A record number of lesbian, gay and bisexual candidates were elected to the U.S. House this year, nearly doubling the number of out representatives serving in the lower chamber of Congress.
Gay Reps. Jared Polis (D-Colo.) and David Cicilline (D-R.I.) won re-election, and on the same night, out candidates Sean Patrick Maloney of New York, Kyrsten Sinema of Arizona, Mark Takano of California and Mark Pocan of Wisconsin won their races. The new additions â€” minus Rep. Barney Frank (D-Mass.) and Tammy Baldwin (D-Wis.), who are leaving the U.S. House â€” means LGB representation in the chamber will jump from four lawmakers to seven.
Maloney, who will be the first openly gay U.S. House member from New York, said upon the announcement that he won his bid to unseat Rep. Nan Hayworth (R-N.Y.) that voters in the state’s 18th congressional district voted for change.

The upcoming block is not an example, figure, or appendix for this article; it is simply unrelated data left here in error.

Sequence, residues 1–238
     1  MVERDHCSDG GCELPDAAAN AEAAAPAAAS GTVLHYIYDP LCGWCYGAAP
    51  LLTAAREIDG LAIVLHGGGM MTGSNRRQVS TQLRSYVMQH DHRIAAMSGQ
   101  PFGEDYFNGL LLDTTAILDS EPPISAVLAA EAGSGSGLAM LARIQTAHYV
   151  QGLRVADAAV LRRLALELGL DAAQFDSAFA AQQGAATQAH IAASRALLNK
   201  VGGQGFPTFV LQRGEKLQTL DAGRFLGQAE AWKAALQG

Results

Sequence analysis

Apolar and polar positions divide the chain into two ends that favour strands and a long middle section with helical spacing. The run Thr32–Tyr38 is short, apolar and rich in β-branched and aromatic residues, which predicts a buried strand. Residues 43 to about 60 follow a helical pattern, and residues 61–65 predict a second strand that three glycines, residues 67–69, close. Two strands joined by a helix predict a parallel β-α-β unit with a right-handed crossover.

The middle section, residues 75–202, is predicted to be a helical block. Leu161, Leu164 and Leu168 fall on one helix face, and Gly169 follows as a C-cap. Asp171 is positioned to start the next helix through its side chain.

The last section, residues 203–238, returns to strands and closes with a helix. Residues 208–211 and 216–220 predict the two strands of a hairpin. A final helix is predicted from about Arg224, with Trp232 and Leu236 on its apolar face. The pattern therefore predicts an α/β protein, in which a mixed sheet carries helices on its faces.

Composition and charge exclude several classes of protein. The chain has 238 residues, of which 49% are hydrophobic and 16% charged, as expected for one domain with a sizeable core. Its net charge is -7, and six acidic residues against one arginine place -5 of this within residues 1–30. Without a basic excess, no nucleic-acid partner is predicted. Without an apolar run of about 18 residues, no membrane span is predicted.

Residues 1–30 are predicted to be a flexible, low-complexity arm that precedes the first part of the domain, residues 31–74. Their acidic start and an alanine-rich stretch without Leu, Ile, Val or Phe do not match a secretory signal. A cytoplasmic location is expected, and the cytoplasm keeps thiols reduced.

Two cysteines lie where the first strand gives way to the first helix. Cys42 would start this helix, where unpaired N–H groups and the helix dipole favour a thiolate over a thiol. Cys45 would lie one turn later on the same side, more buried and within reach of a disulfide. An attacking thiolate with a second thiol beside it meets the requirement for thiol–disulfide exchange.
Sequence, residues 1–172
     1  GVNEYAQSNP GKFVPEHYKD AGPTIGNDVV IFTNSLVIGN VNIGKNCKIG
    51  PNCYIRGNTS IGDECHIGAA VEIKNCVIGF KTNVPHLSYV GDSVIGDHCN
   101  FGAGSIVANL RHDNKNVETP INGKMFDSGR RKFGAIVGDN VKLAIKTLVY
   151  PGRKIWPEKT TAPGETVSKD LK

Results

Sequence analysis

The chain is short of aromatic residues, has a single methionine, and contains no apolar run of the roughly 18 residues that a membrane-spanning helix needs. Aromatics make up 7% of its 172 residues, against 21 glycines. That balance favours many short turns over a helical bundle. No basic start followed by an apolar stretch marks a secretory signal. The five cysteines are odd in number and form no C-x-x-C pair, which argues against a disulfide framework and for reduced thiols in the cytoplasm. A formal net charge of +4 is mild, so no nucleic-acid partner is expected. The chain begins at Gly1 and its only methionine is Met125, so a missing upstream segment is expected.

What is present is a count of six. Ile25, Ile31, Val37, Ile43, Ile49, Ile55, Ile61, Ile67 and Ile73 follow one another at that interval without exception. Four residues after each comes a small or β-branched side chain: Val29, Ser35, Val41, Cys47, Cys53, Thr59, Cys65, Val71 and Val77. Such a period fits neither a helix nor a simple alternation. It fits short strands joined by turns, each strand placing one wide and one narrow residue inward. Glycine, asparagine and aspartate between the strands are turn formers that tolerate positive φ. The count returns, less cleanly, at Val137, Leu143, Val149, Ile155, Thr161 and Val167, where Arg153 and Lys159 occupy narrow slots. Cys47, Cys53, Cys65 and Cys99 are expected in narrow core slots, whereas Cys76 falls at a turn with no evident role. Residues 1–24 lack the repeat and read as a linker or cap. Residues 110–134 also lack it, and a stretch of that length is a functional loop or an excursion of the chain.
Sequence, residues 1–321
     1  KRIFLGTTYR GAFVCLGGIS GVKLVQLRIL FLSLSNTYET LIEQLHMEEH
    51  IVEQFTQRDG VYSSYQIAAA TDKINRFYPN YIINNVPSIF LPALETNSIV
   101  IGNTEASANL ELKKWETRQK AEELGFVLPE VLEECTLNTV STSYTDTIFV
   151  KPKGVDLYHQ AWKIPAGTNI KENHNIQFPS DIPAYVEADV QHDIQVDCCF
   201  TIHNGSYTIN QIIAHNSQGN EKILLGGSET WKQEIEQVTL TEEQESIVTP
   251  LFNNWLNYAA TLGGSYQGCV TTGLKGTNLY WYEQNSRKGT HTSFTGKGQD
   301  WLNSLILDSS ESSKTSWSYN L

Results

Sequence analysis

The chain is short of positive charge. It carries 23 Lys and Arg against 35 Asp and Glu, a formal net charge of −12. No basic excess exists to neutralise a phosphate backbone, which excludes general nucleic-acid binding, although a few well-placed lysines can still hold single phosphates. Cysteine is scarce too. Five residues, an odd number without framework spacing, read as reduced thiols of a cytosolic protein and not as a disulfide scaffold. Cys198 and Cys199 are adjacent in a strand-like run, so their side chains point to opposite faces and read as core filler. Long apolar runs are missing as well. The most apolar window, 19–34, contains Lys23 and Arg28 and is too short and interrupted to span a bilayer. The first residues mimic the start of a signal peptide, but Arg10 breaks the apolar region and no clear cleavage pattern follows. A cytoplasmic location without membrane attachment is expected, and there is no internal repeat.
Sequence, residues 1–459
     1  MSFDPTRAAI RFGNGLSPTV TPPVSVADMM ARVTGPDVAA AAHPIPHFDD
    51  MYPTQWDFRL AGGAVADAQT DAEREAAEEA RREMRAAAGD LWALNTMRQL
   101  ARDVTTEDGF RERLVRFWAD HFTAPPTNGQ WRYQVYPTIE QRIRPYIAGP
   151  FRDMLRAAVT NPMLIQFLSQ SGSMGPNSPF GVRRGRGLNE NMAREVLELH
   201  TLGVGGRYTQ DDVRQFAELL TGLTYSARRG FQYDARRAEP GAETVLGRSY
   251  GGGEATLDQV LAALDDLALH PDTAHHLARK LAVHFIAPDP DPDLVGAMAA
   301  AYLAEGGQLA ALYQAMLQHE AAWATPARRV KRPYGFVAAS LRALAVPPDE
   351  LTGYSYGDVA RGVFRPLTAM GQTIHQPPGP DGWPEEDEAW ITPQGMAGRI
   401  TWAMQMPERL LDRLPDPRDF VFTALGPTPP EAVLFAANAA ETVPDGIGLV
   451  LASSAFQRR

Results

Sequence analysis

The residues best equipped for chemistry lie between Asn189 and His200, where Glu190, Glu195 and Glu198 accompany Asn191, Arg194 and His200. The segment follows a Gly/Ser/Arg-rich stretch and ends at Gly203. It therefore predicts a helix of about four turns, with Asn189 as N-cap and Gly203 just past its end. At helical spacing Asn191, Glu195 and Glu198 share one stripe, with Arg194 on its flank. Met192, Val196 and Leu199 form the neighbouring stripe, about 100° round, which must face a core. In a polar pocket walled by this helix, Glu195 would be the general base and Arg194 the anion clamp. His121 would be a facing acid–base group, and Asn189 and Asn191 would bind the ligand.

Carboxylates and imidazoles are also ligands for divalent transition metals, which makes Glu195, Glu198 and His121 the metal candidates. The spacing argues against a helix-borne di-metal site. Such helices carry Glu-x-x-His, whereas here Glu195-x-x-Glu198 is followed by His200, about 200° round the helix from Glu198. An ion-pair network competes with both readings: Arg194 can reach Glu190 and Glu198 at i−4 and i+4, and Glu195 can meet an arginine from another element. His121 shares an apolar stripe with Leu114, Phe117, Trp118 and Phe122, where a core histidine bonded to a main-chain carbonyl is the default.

â€śAcross four counties on two sides of the Hudson River, in hundreds of schools, firehouses, community centers, in the Democratic vote of a quarter million of our neighbors, the people have settled this debate,” Maloney said. “They have closed this campaign.”
Sinema will become the first openly bisexual member of Congress and Takano will become the first openly gay person of color to have a House seat. Pocan’s election means Wisconsin’s 2nd congressional district will maintain gay representation as Baldwin heads to the U.S. Senate.